I find it interesting that so few of you are complaining because Snow Leopard pretty much signals the end of the PowerPC. Maybe that’s not a bad thing, because that venerable processor family seldom realized its full potential, particularly in the latter days.
Take the G4. Do you recall when Steve Jobs boasted that you’d have a “supercomputer on your desktop”? The original version was supposed to sport 400MHz, but got downgraded to 350MHz because of production issues with the faster chips. The G5 was supposed to hit the magic 3GHz barrier a year after its release, but that day came and went with only modest speed boosts. The hoped for PowerBook G5 was a dream, unless you craved something that would double as a broiler.
But even in 1994, when the PowerPC was first launched, it took a while to realize its promised speed improvements. For one thing, most of the Mac OS was still coded for 68K Macs, and thus had to operate in emulation. The same held true for many of your favorite apps, so for a year or two it all seemed like a step backwards.
The transition to Intel took a whole lot faster with fewer teething pains. Apple made it easier for developers to code their products as Universal, which would allow them to operate in both PowerPC and Intel format. Of course, not everything was super smooth. The upgraded apps still had to be optimized for both processor families, and it did seem as if the Intel version got better treatment. An example would be Office 2008, which is widely regarded as performing less efficiently on the PowerPC than its predecessor. Let’s not forget some of Adobe’s Creative Suite software that was designed to be Intel only.
You could see the handwriting on the wall.
Now, some three and a half years after the first Intel-based Mac appeared, Apple is on the verge of releasing the first version of Mac OS X designed solely for that platform. However, PowerPC users of Leopard shouldn’t feel completely abandoned, as it does appear Apple will release necessary updates for a while yet, particularly security fixes. But the prospects for more updates to Tiger are slim to none.
Sporting over 100 “refinements,” Snow Leopard does appear to be a sensible upgrade, particularly when you factor in the $29 upgrade fee. Apple isn’t adding new capabilities strictly to play the numbers game as they seem to have done with previous system upgrades. Most of the changes seem to make sense, even the Put Back command that lets you return an item from the Trash to its former location without playing the guessing game. Or putting your brain cells to the task when you have better uses for them.
I expect the business community will appreciate the enhanced native support for Microsoft Exchange software, but I wonder whether this means that Microsoft will now have less incentive to upgrade Entourage, since Apple is providing much of its functionality. Besides, Entourage, despite its excellent handling of IMAP email, can be a temperamental beast in some respects, as most of you no doubt realize.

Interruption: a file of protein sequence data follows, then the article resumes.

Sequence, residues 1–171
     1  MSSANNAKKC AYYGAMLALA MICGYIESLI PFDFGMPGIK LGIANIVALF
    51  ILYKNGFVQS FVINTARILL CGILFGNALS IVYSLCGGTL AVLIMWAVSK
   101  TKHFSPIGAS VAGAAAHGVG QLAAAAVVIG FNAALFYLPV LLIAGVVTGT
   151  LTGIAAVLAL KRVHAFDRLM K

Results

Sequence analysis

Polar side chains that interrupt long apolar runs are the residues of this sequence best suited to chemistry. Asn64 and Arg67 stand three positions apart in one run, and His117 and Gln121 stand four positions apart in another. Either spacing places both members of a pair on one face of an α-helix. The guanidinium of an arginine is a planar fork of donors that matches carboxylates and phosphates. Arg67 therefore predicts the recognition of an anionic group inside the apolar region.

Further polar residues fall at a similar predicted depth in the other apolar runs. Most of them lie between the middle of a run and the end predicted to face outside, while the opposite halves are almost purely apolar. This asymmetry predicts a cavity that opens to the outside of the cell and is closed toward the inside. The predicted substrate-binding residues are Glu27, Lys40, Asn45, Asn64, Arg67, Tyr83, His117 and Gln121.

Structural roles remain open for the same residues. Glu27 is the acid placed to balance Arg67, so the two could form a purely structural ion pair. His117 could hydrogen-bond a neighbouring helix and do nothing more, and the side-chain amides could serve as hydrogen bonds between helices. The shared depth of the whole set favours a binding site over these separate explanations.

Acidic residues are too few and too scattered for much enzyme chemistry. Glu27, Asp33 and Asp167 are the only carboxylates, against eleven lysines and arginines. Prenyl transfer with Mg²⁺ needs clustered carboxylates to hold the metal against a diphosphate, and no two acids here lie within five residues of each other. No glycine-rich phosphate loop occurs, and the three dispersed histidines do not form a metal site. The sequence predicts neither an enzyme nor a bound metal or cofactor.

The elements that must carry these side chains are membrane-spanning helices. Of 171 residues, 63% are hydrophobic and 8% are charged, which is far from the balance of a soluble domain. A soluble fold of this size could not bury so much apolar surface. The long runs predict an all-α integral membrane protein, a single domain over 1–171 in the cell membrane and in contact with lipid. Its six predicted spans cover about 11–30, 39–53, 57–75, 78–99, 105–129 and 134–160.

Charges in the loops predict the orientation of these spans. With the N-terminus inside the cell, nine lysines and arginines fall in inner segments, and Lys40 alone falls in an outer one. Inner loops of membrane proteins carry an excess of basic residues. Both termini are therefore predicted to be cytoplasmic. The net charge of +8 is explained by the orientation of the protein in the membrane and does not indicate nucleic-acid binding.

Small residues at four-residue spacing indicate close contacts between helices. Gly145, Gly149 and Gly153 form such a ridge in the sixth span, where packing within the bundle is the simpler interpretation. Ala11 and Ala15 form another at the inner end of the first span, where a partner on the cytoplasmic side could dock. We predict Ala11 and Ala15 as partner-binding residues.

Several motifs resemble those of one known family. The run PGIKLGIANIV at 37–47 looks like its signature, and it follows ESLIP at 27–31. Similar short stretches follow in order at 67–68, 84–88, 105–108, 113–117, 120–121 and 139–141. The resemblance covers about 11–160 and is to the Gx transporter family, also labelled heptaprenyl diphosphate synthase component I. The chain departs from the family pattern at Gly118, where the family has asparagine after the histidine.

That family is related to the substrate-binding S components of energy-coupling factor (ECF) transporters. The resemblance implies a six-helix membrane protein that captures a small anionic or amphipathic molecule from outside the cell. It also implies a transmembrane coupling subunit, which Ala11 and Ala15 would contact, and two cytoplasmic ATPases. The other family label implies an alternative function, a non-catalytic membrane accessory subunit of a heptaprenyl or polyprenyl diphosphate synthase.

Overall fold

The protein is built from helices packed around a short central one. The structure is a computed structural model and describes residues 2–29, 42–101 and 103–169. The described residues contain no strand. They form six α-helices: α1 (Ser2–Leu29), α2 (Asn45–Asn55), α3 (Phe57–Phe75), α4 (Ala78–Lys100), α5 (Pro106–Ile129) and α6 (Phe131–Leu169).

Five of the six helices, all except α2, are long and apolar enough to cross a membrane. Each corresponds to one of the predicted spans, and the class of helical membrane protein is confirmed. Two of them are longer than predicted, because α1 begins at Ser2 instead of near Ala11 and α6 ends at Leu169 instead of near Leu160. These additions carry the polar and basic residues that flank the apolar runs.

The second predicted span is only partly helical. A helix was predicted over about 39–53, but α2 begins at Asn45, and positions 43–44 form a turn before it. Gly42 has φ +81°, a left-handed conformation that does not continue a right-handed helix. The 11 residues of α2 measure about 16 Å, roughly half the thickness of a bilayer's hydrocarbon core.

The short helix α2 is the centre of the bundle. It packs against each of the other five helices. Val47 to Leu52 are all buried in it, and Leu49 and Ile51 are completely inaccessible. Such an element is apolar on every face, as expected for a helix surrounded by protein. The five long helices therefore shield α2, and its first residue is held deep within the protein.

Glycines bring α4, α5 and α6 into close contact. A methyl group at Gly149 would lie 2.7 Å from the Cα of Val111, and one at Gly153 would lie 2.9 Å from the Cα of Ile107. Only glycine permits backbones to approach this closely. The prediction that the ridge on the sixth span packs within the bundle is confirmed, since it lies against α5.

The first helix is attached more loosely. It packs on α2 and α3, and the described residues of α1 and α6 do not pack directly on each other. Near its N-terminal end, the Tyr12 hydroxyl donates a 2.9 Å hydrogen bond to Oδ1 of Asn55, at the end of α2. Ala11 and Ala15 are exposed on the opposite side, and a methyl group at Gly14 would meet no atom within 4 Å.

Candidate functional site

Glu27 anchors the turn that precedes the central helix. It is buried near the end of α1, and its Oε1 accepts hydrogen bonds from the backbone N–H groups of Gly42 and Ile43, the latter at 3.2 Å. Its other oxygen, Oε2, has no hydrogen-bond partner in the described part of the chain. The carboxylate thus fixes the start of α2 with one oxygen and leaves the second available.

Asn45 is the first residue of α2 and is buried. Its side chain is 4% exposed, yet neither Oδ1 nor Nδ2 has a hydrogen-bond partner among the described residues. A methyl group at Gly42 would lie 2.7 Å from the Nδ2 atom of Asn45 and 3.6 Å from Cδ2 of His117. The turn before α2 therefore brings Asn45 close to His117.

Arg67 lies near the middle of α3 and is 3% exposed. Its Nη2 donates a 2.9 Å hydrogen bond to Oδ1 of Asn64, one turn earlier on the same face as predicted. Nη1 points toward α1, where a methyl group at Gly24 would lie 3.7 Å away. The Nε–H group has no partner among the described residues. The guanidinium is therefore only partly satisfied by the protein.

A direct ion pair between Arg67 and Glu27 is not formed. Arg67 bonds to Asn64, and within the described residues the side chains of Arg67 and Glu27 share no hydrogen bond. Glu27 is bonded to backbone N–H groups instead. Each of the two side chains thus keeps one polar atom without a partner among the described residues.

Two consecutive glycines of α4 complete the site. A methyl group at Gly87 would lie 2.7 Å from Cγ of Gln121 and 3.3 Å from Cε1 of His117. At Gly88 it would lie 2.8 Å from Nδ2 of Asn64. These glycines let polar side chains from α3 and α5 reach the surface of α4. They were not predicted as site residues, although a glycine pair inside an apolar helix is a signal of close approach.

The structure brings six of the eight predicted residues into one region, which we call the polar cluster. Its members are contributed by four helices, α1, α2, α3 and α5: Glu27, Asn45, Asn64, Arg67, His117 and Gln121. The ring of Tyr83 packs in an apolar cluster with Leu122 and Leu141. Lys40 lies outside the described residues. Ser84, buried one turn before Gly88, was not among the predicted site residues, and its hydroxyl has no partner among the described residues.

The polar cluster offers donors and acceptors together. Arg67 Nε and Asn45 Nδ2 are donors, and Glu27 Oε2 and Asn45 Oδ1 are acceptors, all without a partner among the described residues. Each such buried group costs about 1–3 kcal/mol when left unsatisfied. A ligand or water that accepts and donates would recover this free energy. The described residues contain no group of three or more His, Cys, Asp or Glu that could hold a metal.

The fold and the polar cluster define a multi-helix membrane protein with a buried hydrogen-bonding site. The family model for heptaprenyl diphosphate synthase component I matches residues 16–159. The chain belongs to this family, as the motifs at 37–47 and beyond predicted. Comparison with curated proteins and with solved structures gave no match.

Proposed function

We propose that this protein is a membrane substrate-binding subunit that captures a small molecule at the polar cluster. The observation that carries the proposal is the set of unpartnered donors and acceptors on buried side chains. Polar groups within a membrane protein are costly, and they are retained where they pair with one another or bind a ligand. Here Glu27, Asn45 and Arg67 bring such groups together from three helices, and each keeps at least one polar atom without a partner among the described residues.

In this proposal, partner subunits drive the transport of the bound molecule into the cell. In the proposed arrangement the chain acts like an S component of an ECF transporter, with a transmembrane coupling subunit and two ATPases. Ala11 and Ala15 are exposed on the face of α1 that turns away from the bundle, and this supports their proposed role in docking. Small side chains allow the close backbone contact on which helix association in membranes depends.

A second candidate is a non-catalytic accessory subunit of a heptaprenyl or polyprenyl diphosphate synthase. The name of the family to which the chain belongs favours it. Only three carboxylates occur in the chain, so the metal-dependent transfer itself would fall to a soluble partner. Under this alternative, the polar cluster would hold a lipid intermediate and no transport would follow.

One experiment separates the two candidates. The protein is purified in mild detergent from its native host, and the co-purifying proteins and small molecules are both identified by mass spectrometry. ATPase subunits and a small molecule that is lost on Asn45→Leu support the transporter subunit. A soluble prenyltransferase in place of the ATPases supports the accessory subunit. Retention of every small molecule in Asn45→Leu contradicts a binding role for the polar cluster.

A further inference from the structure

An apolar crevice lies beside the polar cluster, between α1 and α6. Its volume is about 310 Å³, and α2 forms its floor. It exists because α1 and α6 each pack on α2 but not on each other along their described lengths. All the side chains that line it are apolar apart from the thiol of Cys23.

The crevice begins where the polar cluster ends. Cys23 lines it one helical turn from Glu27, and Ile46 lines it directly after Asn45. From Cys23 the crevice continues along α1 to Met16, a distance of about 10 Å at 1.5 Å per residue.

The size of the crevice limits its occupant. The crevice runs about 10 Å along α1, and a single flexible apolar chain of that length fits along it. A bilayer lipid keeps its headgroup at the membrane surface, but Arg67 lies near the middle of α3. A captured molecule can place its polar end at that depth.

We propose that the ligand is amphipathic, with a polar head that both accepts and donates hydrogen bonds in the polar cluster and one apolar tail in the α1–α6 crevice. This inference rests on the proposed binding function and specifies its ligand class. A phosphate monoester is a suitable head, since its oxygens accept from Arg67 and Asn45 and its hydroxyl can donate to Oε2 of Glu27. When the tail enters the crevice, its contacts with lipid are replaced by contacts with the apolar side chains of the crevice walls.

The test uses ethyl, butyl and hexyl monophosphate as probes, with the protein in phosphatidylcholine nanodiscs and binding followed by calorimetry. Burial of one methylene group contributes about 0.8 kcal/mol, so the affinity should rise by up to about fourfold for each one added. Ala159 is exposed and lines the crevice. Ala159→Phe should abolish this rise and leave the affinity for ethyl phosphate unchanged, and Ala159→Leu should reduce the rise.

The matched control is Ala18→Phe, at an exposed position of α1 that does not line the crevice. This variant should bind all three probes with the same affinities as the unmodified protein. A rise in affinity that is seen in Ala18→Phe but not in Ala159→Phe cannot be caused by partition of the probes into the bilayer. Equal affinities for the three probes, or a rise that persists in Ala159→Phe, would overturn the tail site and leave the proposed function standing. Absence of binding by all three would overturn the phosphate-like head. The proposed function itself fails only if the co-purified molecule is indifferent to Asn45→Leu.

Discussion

In any case, having fewer visible changes might make for a more stable initial 10.6 release. As many of you recall, Apple is notorious for having to rush out maintenance updates to recent versions of Mac OS X to serious address bugs that appeared early on. While there’s no guarantee of anything, I do wonder if that’s the result of marketing making too much of a push to get the thing out as quickly as possible, figuring the rest of the stuff would be fixed later on.
Since Snow Leopard is supposed to be the ultimate clean up release, though, that puts the onus on Apple’s development team to clear out the sludge and deliver a more reliable release this time. Since we don’t have the actual date when it’ll show up on the retail shelves, other than an amorphous September timeframe, you’d think there’s sufficient wiggle room to delay the release a few weeks should problems arise.
Certainly I could selfishly hope Snow Leopard will have its coming out party on Wednesday, September 9th, my birthday, but I sort of suspect it’ll arrive later in the month. Prior to the WWDC, I was thinking in terms of the last Friday of August. My new projected release date is Friday, September 25th.
That choice would give Apple its usual weekend window for initial sales, and also plenty of time to meet its promised release date and yet allow what you hope would be sufficient time to address critical defects before millions of Mac users install 10.6.
The other consideration is where Apple should go from here. I have not seen much in the way of 10.7 wish lists yet. I would presume, based on Apple’s current release schedule, that it probably won’t debut until the first part of 2011 at the earliest. That’s plenty of time to hope for that marble theme, if anyone cares, or some really substantial improvements.
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